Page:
There are currently an estimated 4.9 billion embedded systems distributed worldwide. By 2020, that number is expected to have grown to 25 billion. Embedded systems can be found virtually everywhere, ranging from consumer products such as Smart TVs, Blu-ray players, fridges, thermostats, smart phones, and many more household devices. They are also ubiquitous in businesses where they are found in alarm systems, climate control systems, and most networking equipment such as routers, managed switches, IP cameras, multi-function printers, etc. Unfortunately, recent events have taught us these devices can also be vulnerable to malware and hackers. Therefore, it is highly likely that one of these devices may become a key source of evidence in an incident investigation. This paper introduces the reader to embedded systems technology. Using a Blu-ray player embedded system as an example; it demonstrates the process to connect to and then access data through the serial console to collect evidence from an embedded system non-volatile memory.

  • The State of Security in Control Systems Today Analyst Paper
    by Derek Harp and Bengt Gregory-Brown - June 24, 2015 

    By reading this report, ICS professionals will gain insight into the challenges facing peers, as well the approaches being employed to reduce the risk of cyberattack.

  • Six Steps to Stronger Security for SMBs Analyst Paper
    by Eric Cole, PhD - June 23, 2015 in Security Awareness

    An Analyst Program whitepaper by Dr. Eric Cole. It describes a six-step approach that small and medium-size businesses can use as a template for enhancing their overall security posture.

  • Security Spending and Preparedness in the Financial Sector: A SANS Survey Analyst Paper
    by Jaikumar Vijayan - June 23, 2015 

    Financial services organizations are being breached too often. Find out how the threat landscape and the tools to secure data are changing in the 2015 SANS Financial Services Survey.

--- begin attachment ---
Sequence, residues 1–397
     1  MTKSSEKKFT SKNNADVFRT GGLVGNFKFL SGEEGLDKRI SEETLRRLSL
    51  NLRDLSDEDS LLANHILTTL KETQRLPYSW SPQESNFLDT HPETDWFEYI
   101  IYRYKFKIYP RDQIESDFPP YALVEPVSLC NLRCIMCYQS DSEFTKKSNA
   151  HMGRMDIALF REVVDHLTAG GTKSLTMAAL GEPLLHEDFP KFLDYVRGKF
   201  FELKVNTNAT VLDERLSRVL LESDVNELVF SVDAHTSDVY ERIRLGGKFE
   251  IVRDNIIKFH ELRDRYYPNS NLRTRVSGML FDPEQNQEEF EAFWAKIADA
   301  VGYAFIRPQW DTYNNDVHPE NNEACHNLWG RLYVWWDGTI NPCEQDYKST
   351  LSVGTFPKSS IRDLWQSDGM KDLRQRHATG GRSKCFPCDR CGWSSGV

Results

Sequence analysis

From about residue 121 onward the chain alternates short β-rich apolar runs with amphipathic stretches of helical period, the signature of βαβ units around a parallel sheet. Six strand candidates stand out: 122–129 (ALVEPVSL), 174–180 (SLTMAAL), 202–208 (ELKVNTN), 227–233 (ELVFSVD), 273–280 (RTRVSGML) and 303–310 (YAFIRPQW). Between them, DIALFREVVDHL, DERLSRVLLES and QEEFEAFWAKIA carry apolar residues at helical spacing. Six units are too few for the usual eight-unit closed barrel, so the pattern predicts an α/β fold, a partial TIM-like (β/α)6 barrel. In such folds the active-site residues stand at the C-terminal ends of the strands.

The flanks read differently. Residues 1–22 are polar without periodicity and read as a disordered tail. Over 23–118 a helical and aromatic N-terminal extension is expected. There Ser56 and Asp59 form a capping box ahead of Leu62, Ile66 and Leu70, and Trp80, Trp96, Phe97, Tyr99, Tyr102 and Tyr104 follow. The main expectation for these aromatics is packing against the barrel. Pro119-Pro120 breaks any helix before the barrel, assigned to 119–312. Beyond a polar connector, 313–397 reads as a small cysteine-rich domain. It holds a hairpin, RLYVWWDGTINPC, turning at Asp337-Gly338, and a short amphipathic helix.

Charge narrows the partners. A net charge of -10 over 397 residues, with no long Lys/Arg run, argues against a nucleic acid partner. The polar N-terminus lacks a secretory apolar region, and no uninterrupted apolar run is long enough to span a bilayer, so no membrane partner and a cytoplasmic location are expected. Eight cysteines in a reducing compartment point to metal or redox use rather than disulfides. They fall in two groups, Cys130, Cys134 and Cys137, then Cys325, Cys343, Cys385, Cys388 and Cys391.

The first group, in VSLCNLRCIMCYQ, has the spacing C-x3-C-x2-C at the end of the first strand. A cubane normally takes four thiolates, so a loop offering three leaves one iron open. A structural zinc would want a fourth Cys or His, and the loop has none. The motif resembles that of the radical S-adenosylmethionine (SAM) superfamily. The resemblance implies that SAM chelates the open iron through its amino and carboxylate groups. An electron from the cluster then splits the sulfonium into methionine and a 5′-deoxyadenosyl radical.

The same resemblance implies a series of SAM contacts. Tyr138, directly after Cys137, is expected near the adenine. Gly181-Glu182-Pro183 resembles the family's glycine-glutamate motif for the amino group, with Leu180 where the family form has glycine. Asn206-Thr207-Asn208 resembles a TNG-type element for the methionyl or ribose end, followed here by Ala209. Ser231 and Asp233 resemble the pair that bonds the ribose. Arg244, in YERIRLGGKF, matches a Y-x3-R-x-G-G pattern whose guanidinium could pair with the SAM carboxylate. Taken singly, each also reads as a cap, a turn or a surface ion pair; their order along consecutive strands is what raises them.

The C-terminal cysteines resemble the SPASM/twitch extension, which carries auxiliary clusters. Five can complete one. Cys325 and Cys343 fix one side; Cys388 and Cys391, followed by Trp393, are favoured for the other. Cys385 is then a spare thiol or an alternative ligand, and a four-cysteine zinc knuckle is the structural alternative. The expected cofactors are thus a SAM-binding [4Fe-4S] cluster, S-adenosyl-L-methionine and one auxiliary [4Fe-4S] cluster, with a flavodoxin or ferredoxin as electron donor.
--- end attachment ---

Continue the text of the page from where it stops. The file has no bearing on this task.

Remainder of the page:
• eAUDIT: Designing a generic tool to review entitlements Masters
    by Francois Begin - June 22, 2015 in Information Assurance, Auditing & Assessment, Best Practices, Case Studies, Compliance, HIPAA, Legal Issues, Security Policy Issues, Risk Management, Standards, System Administration, Tools

    In a perfect world, identity and access management would be handled in a fully automated way.

  • Case Study: Critical Controls that Sony Should Have Implemented by Gabriel Sanchez - June 22, 2015 in Case Studies

    What would soon characterize one of the worst hacks in recent history began when screenwriter Evan Goldberg and actor Seth Rogen joked about making a comedy about assassinating the leader of North Korea, Kim Jong-un.

  • Enabling Big Data by Removing Security and Compliance Barriers Analyst Paper
    by Barbara Filkins - June 17, 2015 

    The rewards that big data can bring are widely recognized: scientific insight, competitive intelligence and improved fraud detection, as well as the benefits derived from sophisticated analyses of vast sets of transactional and behavioral data.

  • Using windows crash dumps for remote incident identification by Zong Fu Chua - June 16, 2015 in Forensics

    With the proliferation of defense mechanisms built into Windows Operating System,, such as ASLR, DEP, and SEHOP, it is getting more difficult for malware to successfully exploit it.

  • Conquering Network Security Challenges in Distributed Enterprises Analyst Paper
    by John Pescatore - June 11, 2015 

    Enterprises continue to have difficulties detecting, blocking and responding to threats.

  • The Perfect ICS Storm by Glenn Aydell - June 8, 2015 in Industrial Control Systems, Internet of Things

    As manufacturing Industrial Control System (ICS) architectural designs have evolved from isolated and proprietary systems with physical separation to a layered architecture using more standard IT components to the latest trend of Industrial Internet of Things (IIoT); so too have the challenges associated with securing these environments.

  • Applying Lessons Learned for the Next Generation Vulnerability Management System Masters
    by John Dittmer - June 8, 2015 in Threats/Vulnerabilities

    The objective of this paper is to recommendations for improving a vulnerability management system in development.

  • New Critical Security Controls Guidelines for SSL/TLS Management Analyst Paper
    by Barbara Filkins - June 4, 2015 

    Security flaws like Heartbleed, POODLE, BEAST and a series of high-profile certificate thefts and misappropriations have shaken public confidence in "secure" SSL/TLS certificates. It is possible for organizations to safeguard themselves and retain most of the benefits of using the web's most common authentication system, however, as long as they're rigorous about setting and enforcing the right policies on who do trust among many questionable nodes in the global network of trust.

All papers are copyrighted. No re-posting or distribution of papers is permitted.

Masters - This paper was created by a SANS Technology Institute student as part of their Master's curriculum.